Editorial: Scare Tactics Reply

June of last year, I was in the cafeteria with the rest of BSGE’s class of  ’11 and our parents and our teachers. We were at our middle years program (MYP) certificate ceremony, the “graduation” at the end of tenth grade. A few speeches were made, awards were handed out and then Ms. Johnson began giving us our MYP diplomas. Tension quickly flooded the room; it wasn’t clear who would be getting a diploma and who wouldn’t. There were gasps and tears when students noticed that their names had not been called. We all then suddenly realized that receiving the diploma—an accomplishment that we had earlier trivialized—actually meant a lot to us.
After the ceremony I was upset that my classmates had not been told that they weren’t receiving the diploma. I thought it was unnecessarily harsh, especially because many students had invited their parents. For those students it was embarrassing, heartbreaking and perhaps even traumatizing.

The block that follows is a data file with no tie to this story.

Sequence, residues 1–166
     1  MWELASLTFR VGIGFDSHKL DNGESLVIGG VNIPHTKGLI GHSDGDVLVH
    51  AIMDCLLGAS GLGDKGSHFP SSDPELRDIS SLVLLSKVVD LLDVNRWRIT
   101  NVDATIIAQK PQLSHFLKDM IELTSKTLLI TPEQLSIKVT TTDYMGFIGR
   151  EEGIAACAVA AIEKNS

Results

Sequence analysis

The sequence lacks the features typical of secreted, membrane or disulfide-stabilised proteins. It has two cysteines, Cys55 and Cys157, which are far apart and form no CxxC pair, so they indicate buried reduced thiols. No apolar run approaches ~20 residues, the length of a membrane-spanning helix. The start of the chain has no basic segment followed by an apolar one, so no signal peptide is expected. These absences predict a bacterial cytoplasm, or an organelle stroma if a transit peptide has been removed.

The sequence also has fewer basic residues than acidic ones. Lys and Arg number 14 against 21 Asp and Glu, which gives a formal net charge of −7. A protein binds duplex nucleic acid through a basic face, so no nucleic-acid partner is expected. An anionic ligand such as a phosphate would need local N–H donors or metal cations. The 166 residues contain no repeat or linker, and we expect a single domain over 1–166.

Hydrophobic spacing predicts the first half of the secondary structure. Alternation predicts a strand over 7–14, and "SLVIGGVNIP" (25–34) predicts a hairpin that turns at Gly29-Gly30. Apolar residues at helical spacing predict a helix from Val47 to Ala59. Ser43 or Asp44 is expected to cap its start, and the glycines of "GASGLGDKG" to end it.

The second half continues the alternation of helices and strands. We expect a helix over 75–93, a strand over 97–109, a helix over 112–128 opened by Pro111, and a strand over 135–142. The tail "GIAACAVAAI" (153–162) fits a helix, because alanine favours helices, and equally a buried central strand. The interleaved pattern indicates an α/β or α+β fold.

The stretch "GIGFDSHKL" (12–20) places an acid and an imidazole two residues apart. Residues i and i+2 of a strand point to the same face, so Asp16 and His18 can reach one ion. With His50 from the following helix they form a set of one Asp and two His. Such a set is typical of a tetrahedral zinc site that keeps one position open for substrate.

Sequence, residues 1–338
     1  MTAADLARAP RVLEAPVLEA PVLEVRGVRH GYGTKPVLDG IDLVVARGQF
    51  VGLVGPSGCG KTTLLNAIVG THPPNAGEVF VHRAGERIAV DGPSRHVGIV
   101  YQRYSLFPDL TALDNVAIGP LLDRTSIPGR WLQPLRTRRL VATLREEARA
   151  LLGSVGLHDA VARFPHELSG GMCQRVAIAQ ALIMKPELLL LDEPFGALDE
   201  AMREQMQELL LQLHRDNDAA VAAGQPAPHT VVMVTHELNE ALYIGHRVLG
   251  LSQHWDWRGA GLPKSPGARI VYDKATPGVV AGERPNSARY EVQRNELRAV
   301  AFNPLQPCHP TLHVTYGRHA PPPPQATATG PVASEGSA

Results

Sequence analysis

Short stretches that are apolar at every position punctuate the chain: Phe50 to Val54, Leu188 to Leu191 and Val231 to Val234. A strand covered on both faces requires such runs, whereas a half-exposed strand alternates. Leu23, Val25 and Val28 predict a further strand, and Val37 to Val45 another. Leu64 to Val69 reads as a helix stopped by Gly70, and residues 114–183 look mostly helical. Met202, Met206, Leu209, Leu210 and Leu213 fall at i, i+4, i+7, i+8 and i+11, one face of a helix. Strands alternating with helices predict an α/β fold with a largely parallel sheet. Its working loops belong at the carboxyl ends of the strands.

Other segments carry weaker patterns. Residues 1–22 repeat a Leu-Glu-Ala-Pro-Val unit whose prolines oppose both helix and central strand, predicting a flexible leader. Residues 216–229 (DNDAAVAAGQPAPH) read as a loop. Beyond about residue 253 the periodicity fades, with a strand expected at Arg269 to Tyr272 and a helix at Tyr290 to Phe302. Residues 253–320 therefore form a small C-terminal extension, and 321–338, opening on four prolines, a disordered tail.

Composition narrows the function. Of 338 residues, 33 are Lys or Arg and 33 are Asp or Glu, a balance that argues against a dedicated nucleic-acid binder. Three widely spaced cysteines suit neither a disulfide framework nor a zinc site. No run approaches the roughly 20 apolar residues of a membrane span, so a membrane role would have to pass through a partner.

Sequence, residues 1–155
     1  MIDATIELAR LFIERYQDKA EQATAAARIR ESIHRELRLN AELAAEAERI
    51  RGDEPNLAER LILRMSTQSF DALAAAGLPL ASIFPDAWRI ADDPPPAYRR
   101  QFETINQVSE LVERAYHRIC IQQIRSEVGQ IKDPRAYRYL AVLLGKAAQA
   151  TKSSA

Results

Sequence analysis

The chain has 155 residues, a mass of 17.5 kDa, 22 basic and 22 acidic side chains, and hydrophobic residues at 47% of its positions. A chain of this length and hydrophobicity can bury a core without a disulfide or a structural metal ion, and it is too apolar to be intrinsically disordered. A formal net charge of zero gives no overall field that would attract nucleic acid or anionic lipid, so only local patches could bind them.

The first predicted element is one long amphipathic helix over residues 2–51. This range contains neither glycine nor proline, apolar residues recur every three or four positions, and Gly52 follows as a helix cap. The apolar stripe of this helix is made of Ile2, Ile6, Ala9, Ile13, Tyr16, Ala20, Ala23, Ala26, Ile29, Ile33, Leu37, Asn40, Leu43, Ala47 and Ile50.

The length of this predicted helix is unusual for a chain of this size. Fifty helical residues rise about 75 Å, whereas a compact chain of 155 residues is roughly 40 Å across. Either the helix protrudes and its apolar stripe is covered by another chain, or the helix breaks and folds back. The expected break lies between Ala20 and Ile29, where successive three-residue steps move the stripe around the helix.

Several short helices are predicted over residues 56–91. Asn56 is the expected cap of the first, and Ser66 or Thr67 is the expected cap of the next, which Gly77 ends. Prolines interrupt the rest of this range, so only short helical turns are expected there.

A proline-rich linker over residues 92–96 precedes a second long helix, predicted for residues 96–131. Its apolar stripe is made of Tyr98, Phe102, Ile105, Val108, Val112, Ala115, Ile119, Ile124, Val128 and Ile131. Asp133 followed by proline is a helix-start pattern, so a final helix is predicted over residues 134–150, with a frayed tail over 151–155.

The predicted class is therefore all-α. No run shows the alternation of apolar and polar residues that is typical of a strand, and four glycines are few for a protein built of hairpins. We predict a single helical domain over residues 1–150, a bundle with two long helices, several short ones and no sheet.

However, with the start of 11th grade I see that day in a whole new way. It triggered a revolution. My grade, always cheerful, intelligent and friendly, was notoriously lazy and indifferent to anything serious, but this year I see a true change. Most people came back from summer vacation, not only refreshed but also ready to rock this year. A whole new attitude has taken over and it spread like wildfire. It’s as if we all grew up last summer, realizing that it’s all no longer a joke. We’ve accepted the fact that our actions have consequences (like being embarrassed and disappointed when you don’t receive the MYP diploma), and finally acknowledged that the consequences affect us. I attribute our transformation to that morning; it scared and shocked us into caring.
It also came at the perfect time. We now have the inspiration and the drive to push for the IB diploma. I have a lot of faith in my new grade’s new attitude, we will make it.
Nevertheless, it was too harsh. I don’t think, however, the administration did it deliberately. It was just another case of miscommunication, one that shouldn’t happen again. In spite of this, I hope the effect never wears off and I hope BSGE finds a different way to render the same results from all of its students.

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